ABUJA - The floods that ravaged Nigeria's Muslim-majority north, which have caused prices of livestock to shot up, and fears of attacks by the militant Boko Haram have spoiled the joy of `Eid Al-Adha, one of two major Muslim festivals, in the west African country.
"We used to buy three rams in our family, Sharafudeen Balogun, 35, told OnIslam.net.
But this year we bought just two because of the high cost.
Balogun recalled that he bought a big ram last year at N33,000 (around $200).
But this year a ram of that size costs between N45,000 and N50,000."
Dealers blame the high prices of livestock for sacrifice in `Eid Al-Adha to the floods that ravaged northern Nigeria in recent months.
"The shortage of livestock can be blamed on the excessive flooding which killed millions of our animals and even hindered efforts to breed new ones," Alhaji Sumaila Maigari told OnIslam.net at a popular Agege ram market in Lagos, Southwest Nigeria.
"So the few we were able to buy from dealers are very expensive and that is why the cost of animals are on the high side this year. We sell what we buy."
Hassan Ibidapo, another ram seller in Ilorin in Nigeria's Northcentral, corroborated Maigari's story.
He added that the Boko Haram menace also contributed to the crisis because "increasingly people are afraid to travel to the North."
Ibidapo said he knew people who used to travel to the North to buy animals for Udhiyah but were afraid to go this year because of the Boko Haram crisis.
`Eid Al-Adha, or "Feast of Sacrifice, is one of the two most important Islamic celebrations, together with `Eid Al-Fitr.
After special prayers to mark the day, Muslims offer unhiyah, a ritual that reminds of the great act of sacrifice Prophet Ibrahim and his son Isma`eel were willing to make for the sake of God
Festivities and merriment then start with visits to the homes of friends and relatives.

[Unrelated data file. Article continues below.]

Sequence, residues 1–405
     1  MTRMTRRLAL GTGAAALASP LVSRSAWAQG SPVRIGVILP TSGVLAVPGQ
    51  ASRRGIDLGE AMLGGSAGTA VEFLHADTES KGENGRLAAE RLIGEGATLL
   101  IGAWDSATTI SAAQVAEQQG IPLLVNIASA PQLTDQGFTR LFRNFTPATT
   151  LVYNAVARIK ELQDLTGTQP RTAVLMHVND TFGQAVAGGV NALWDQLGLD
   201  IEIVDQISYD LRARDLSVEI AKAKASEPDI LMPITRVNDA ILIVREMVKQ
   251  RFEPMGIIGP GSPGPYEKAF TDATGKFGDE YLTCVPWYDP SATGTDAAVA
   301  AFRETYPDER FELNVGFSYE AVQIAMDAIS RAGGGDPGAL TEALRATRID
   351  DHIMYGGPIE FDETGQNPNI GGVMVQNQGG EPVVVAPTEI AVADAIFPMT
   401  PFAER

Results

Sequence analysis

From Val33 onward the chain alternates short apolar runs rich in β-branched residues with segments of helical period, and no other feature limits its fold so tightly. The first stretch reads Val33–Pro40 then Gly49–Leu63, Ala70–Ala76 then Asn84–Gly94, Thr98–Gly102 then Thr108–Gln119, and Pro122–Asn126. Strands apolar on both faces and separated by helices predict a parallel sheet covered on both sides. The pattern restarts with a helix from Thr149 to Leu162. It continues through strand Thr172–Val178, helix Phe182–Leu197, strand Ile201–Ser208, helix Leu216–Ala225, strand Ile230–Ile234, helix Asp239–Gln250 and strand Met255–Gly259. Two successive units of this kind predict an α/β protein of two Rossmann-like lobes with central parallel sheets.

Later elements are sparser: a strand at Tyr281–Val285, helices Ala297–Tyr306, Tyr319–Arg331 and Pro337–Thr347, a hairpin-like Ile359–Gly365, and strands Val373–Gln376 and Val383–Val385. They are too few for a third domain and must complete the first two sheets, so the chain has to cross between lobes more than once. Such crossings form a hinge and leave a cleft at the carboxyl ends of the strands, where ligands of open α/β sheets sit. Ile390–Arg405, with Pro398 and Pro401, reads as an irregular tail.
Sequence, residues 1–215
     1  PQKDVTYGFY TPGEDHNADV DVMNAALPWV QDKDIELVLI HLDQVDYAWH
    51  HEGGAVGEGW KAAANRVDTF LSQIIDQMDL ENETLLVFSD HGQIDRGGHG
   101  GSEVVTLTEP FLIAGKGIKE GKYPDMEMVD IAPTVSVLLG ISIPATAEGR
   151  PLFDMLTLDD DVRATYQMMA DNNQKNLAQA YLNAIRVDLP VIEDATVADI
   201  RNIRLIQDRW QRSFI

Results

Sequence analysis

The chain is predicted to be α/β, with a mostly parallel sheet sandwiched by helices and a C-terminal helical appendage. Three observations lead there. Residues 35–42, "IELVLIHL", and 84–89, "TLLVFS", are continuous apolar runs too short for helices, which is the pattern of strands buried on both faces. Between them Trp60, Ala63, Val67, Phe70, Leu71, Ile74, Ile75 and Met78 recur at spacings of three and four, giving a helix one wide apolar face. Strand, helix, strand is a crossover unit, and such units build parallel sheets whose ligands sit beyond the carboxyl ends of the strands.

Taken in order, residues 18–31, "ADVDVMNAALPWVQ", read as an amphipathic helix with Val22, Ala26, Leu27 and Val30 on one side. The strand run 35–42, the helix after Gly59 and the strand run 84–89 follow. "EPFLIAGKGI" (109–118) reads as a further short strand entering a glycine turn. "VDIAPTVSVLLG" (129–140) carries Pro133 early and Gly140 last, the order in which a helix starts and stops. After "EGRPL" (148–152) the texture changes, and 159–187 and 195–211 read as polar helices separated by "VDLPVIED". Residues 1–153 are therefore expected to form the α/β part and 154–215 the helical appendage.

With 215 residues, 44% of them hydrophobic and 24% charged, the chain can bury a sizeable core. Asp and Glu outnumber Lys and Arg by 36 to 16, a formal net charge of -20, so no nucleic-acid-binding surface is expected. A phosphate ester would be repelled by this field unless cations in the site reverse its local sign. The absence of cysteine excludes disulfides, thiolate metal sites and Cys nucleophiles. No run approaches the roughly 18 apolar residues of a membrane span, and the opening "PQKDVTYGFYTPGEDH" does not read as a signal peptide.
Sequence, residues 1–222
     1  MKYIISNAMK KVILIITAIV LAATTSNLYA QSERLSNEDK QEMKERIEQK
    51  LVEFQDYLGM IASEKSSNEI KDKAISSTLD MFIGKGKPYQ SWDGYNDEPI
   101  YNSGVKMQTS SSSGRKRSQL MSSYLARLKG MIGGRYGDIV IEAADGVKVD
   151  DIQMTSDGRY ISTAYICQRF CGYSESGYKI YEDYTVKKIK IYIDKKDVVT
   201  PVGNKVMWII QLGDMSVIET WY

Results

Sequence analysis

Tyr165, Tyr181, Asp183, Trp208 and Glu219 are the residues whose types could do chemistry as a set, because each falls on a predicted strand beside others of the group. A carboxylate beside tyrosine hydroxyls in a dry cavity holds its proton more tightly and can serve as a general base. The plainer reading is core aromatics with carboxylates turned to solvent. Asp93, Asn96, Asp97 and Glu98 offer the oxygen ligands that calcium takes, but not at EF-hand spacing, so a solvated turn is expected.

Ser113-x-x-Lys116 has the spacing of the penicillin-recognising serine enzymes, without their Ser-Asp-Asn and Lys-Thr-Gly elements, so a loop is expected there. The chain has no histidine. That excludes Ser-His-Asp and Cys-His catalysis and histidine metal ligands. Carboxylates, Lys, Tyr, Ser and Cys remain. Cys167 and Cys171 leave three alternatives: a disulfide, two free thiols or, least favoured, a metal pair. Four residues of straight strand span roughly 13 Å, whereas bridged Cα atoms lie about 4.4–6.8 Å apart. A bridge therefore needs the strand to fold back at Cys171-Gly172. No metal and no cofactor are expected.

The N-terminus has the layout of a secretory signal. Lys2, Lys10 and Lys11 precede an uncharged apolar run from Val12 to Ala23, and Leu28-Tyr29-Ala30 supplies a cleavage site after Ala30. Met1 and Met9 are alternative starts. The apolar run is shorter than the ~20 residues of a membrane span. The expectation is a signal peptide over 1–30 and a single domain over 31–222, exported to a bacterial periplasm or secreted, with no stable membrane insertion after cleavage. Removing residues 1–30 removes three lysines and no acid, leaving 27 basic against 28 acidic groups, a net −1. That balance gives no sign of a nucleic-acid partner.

Other Nigerians, however, blame the politicians and the poor economy for the soaring prices of livestock.
"The Naira traded at between 145/150 to a US dollar last year, but the naira now fair worse against the dollar, Hajia Bilkees Onitiri, 40, a businesswoman who has been offering Udhiyah since she was 30, told OnIslam.net.
This does have effect on the price of everything including ram.
Estimates show that poverty is rising in Nigeria, Africa's second largest economy, despite economic growth.
Data show that 60.9 percent of Nigeria's 130 million population live in absolute poverty in 2010, up from only 54.7 percent in 2004.
"But you can also blame the high cost of ram and other Udhiyah animals on the habit of our politicians who buy these animals in large quantity and hoard them ahead the `Eid celebration," said Onitiri.
Nigeria, one of the world's most religiously committed nations, is divided between a Muslim north and a Christian south.
Muslims and Christians, who constitute 55 and 40 percent of Nigeria's 140 million population respectively, have lived in peace for the most part.But ethnic and religious tensions have bubbled for years, fuelled by decades of resentment between indigenous groups, mostly Christian or animist, who are vying for control of fertile farmlands with migrants and settlers from the Hausa-speaking Muslim north.